A little more about New Orleans’ Mardi Gras. "Krewes" (pronounced like crews) are clubs or groups that organize the various parades. Largely social in nature, they often have a chosen king and queen who also ride in the parade on one of the lead floats. Many Krewes are named for mythical characters such as Thor, Isis and Zeus. Others are named for historical places or people. Examples include Napoleon, Caesar, Sparta and the one I attended, Pontchartrain.
"Throws" are the beads and trinkets the float riders toss into the crowds along the parade route. Most are the cheap novelty style of beads, but some do have some nicer bead items including doubloons (a two side dye cast metal alloy) or those with the Krewe’s name and logo. I saw a couple of the later, from the Krewe of Kent, but didn’t see any such items from the folks of Pontchartrain. I did score some of the plastic cups commemorating the parade which I will keep as a souvenir of the experience. (The beads will most likely go to some of the kids of friends who like those types of things.)
There are some parade tips that will help to make your experience more pleasurable. The first and foremost (although this wasn’t an issue for the area I was in) is that you should never reach to the ground to pick up anything as that would be a good way to get some broken fingers. Had our area been a bit more crowded, I can see this being good advice. Another bit of advice that should go without saying, is to not be rude or pushy in order to snatch up the beads and other throws offered. There will be many floats with lots of stuff available. If the stuff is important to you, you can also attend other parades to get different types of items.
I did find not having my purse with me to be a very good caution. It is just easier not to worry about keeping up with your stuff, or having someone lift your wallet or other valuables. I was told to wear stuff with pockets and to keep cash, credit cards and an ID in my jeans out of view and reach. My camera and cell phone fit nicely inside my hoodie pockets, which was perfect. I did wish that I had my larger DSLR camera with me, but not having it around my neck was also a bit of a relief.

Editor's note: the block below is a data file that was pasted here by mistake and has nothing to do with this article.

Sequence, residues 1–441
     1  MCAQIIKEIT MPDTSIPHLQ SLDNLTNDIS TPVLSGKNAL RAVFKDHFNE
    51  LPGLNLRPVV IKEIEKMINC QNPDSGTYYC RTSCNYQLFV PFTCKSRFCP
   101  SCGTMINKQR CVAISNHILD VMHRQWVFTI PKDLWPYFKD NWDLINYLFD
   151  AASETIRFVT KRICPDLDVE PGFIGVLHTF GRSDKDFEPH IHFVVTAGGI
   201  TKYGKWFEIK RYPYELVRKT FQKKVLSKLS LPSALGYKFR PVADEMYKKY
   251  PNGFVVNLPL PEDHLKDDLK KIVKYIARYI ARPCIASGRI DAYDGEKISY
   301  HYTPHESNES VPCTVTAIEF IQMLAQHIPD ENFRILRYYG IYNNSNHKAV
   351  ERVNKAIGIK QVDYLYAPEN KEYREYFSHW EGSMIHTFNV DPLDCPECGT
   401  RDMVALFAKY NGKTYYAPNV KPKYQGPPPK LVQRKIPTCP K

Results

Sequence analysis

Dressing in layers was also a wise suggestion. When I left my hotel that morning, it was sunny and warm. Well warm is relative. It was in the 50’s and the sunshine radiated heat especially on my black denim and long sleeved tee shirt. Later in the day, however, the wind picked up and scattered clouds were in the sky making the air cool to outright cold. I was happy to have my hoodie along which was good to break the chilly wind. Later at my viewing point, I found a building wall to cop a seat on. I was in the sun, with the rays keeping me very toasty warm. Within about 90 minutes, however (and long before the parade reached me) the sun was behind the building and I was in the shade. While in the sun I didn’t need my sweatshirt, in the shade I was happy I had it.
Last and certainly not least was taking care of bodily needs, specifically hydration and rest rooms . . . which obviously go together. Carry bottled water or something to drink. Along some of the parade routes there are "blue room" porta-potties. In the area I was at and along St. Charles Street, there weren’t any. I scoped out my spot directly across from a pub which even advertised and promoted their bathrooms for parade goers. The buck it cost me was well worth it having sat out there after lunch for over three and a half hours.
I had a great time attending my first Mardi Gras parade and look forward to perhaps returning to New Orleans when business will not keep me away from enjoying more of the celebration and festivities. Who knows, I may even pay the $600 to participate as a rider on a float, in full costume, doing the throws to others.